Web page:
Published on in CHOP News
David Rubin, MD, director of PolicyLab, a research center at The Children’s Hospital of Philadelphia (CHOP), was recently appointed to the United States Department of Defense (DoD) Military Family Readiness Council (MFRC).
Established in 2008 as a Federal Advisory Council, the MFRC makes recommendations to the Secretary of Defense about policies and programs around military family readiness. The MFRC also monitors requirements on DoD’s support of military family readiness and evaluates and assesses the effectiveness of military family readiness programs. Military family readiness is the concept that military families must be well-supported so that the servicemen and servicewomen can focus on their mission.
In keeping with its continuing commitment to ensuring that military families have the healthcare services and supports they need for their children, including children with special needs, the MFRC reached out to the Children’s Hospital Association (CHA) to provide perspective from the pediatric healthcare arena and to nominate a representative to serve on the Council.
“Adding a representative from a children’s hospital underscores the DoD’s recognition that the family’s healthcare is an essential component of ensuring military family readiness and well-being,” CHA Vice President of Public Policy Jim Kaufman said. “Children’s hospitals have a longtime commitment to ensuring that children of military families have access to the care they need at the right time, in the right place and from the right provider.”
While all children have unique healthcare needs as compared to adults, children of military families face special circumstances as a result of their parents' service.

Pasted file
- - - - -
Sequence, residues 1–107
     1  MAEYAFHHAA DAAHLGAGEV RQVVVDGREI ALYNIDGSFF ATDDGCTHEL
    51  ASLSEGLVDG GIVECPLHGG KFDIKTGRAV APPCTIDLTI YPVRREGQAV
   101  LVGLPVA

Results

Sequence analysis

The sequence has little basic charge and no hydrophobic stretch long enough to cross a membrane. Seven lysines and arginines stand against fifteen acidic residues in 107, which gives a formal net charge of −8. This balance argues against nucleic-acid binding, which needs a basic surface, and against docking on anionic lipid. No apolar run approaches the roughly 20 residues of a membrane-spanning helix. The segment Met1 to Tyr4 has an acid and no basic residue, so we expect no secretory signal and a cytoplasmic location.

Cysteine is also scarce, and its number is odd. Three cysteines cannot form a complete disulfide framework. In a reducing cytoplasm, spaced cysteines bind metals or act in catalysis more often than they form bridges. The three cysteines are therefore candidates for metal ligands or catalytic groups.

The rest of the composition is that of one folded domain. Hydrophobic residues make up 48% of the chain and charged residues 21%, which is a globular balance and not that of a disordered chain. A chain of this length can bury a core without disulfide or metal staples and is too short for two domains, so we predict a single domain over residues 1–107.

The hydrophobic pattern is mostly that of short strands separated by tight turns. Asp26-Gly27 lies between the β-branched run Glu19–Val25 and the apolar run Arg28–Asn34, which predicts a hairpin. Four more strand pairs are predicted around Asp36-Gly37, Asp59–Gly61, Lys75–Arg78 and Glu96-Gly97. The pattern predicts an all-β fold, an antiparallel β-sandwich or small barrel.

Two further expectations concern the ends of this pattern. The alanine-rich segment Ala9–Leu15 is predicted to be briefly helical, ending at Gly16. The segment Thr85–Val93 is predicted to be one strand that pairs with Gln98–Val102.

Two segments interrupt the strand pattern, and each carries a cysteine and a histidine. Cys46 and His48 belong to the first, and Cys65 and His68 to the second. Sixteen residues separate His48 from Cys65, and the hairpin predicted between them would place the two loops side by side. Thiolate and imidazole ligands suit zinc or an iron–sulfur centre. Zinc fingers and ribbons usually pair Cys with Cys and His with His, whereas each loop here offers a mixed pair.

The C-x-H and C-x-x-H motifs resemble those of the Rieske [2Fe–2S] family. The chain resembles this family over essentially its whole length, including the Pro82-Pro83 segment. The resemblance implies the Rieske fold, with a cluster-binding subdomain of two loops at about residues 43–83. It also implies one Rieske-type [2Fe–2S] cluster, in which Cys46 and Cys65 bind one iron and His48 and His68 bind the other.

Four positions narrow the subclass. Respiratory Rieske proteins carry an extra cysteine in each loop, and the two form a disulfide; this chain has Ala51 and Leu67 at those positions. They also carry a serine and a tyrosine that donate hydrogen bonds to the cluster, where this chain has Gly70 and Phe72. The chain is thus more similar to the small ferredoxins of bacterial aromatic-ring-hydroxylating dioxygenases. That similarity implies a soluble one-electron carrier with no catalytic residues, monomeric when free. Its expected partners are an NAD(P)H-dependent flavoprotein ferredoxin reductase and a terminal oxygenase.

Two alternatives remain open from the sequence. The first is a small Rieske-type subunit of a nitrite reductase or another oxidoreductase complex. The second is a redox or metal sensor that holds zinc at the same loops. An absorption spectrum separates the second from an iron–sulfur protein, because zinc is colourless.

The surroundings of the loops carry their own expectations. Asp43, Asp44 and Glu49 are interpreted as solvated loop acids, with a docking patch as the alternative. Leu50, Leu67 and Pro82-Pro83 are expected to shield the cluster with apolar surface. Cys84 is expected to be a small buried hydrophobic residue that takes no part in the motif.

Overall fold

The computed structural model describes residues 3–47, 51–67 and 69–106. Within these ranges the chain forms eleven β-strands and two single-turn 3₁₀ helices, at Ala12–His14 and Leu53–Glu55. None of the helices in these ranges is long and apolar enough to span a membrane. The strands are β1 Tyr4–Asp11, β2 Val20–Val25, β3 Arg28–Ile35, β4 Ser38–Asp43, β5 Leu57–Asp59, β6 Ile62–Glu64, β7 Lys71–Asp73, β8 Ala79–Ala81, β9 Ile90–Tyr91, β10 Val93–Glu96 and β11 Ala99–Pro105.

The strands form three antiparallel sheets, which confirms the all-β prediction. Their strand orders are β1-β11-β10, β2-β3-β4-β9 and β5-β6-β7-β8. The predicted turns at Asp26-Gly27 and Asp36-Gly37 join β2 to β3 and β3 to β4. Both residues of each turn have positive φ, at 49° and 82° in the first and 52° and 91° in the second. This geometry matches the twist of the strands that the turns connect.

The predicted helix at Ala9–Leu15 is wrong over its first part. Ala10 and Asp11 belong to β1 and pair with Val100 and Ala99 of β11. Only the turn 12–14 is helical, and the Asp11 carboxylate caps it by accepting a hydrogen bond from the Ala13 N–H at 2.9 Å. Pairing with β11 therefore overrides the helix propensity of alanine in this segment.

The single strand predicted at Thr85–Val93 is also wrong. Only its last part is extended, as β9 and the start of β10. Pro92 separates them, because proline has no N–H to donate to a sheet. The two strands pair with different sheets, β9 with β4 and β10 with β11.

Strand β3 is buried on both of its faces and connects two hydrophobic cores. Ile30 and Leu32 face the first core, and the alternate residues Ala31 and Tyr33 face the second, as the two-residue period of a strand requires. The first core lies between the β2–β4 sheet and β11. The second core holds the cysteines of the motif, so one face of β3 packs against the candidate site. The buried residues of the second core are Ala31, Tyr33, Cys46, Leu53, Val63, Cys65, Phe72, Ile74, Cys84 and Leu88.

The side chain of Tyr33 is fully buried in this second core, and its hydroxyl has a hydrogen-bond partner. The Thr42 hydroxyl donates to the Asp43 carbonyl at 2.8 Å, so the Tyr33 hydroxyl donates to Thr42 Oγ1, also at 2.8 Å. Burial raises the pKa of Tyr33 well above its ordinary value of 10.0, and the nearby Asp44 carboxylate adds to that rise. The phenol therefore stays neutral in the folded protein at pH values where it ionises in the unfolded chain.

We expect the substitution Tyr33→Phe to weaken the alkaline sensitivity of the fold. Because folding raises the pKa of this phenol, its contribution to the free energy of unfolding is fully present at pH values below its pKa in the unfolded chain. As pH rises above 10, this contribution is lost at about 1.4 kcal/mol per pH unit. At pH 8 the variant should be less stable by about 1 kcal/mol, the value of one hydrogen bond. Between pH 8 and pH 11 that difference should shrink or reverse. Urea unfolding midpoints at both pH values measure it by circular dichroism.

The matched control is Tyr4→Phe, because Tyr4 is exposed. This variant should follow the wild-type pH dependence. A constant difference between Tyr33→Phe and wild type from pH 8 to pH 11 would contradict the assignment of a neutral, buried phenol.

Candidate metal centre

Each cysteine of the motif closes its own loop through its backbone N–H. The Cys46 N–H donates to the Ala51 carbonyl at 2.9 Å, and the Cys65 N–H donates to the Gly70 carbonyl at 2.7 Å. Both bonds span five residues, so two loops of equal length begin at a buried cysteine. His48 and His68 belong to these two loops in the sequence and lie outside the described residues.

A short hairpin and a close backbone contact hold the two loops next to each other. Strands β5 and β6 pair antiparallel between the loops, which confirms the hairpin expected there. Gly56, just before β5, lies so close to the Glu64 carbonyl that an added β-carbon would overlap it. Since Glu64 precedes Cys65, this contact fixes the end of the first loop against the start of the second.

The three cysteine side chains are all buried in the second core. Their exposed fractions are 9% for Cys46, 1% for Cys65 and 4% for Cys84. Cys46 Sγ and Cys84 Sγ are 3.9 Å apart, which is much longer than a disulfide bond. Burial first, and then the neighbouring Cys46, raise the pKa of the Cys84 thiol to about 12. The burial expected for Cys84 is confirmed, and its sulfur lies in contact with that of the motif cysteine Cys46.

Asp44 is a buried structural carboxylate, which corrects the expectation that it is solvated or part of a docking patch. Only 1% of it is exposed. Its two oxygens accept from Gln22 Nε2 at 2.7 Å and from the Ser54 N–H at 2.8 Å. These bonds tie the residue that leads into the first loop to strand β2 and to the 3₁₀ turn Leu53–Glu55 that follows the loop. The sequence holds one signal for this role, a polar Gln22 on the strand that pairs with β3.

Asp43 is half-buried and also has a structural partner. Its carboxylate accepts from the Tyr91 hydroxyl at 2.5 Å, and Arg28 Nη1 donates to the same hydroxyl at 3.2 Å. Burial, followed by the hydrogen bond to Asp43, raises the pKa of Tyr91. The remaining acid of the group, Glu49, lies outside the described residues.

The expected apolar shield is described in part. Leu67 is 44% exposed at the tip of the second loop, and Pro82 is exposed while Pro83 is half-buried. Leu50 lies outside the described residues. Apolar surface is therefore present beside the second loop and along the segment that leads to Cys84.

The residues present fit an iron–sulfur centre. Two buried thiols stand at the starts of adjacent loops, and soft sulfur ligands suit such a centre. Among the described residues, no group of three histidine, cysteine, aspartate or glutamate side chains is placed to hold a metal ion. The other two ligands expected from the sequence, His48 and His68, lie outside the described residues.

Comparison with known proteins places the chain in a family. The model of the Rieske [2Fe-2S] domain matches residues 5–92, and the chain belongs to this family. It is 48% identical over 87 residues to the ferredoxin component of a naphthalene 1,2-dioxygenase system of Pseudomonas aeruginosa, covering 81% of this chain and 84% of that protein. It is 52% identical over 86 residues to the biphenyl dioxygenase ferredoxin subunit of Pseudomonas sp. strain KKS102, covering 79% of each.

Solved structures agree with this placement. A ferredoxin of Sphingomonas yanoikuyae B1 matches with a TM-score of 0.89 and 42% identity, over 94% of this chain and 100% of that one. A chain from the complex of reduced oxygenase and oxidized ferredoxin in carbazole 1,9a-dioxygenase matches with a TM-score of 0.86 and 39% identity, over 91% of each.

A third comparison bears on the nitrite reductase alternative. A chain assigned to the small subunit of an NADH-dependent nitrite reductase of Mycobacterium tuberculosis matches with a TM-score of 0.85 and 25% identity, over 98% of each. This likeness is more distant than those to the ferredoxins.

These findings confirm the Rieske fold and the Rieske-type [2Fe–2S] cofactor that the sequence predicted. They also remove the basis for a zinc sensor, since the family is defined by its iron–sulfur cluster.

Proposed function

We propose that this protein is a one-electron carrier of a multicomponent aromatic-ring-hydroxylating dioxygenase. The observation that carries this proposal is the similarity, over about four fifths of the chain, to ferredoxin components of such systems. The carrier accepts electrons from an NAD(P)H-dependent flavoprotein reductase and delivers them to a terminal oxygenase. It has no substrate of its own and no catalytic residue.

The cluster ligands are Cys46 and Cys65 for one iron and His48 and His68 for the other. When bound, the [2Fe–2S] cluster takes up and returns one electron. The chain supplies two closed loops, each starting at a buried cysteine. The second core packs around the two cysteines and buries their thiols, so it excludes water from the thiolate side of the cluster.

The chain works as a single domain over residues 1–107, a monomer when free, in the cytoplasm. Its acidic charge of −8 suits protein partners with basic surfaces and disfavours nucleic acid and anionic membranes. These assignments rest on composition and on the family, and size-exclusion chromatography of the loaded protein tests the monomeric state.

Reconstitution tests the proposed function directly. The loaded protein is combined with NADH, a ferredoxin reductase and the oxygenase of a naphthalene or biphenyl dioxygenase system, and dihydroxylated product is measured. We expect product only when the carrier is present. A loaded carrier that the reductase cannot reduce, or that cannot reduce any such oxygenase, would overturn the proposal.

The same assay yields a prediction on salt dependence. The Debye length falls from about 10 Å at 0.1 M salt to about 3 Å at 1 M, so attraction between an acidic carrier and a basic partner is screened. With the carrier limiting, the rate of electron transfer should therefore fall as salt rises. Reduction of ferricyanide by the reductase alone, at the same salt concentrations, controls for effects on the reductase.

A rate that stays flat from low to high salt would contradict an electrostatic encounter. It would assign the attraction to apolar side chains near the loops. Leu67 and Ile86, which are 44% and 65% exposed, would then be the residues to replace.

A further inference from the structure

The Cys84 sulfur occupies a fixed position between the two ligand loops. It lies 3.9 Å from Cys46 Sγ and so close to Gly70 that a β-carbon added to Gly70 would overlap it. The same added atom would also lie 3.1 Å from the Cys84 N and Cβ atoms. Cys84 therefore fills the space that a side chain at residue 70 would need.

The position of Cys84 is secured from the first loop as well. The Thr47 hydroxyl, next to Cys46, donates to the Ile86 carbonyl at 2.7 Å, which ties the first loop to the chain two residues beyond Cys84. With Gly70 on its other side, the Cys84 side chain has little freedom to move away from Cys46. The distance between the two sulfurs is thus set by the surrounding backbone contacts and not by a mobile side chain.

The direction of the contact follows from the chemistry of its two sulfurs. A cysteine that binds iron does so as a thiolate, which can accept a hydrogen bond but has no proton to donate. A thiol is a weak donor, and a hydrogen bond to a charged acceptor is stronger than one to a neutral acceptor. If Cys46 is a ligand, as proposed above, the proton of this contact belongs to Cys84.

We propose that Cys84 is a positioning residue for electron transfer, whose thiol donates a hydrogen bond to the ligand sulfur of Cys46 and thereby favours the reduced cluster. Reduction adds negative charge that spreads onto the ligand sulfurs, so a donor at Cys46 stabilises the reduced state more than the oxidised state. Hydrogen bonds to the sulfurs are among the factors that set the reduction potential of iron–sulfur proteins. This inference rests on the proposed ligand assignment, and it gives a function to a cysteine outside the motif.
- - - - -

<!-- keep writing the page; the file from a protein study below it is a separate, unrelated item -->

“The known effects of deployments and frequent relocations on children must be taken into consideration when developing the medical and social support systems necessary to serve these families in a timely and efficient manner,” Dr. Rubin said.
Dr. Rubin’s team at PolicyLab has been conducting research for the DoD’s Defense Health Program (DHP) since 2011. Their work specifically examines the stress families experience when soldiers return home from deployment. The team’s recent findings in the American Journal of Public Health illustrate the need to support families throughout the deployment cycle, especially during high-risk time periods such as the six months following deployment.
CHOP is also a champion of the TRICARE for Kids Coalition, which advocates for DoD policy and practice to address the needs of children.
“With his demonstrated commitment to the comprehensive needs of children from military families, and with CHOP being one of the largest providers of care and treatment to military children from all around the globe, Dr. Rubin’s appointment to the Council was fitting,” Kaufman said.
As Director of PolicyLab, Dr. Rubin works to develop evidence-based solutions for the most challenging health-related issues affecting children. In addition to his role at PolicyLab, Dr. Rubin is a professor of pediatrics at the Perelman School of Medicine at the University of Pennsylvania and a senior fellow at the Leonard Davis Institute of Health Economics. In 2013, Dr. Rubin was appointed to the federal Commission to Eliminate Child Abuse and Neglect Fatalities. Dr. Rubin is also a past member of the American Academy of Pediatrics’ Task Force on Foster Care and the Committee for Early Education, Adoption and Dependent Care.
“As a pediatrician at CHOP, I care for children from all different kinds of families, including those in the military,” said Dr. Rubin. “And as a researcher, I know that these children face unique challenges and are greatly affected by the deployment of their parent. I look forward to serving military families as a member of the Military Family Readiness Council.”
Contact: John Ascenzi, The Children’s Hospital of Philadelphia, 267-426-6055 or email@example.com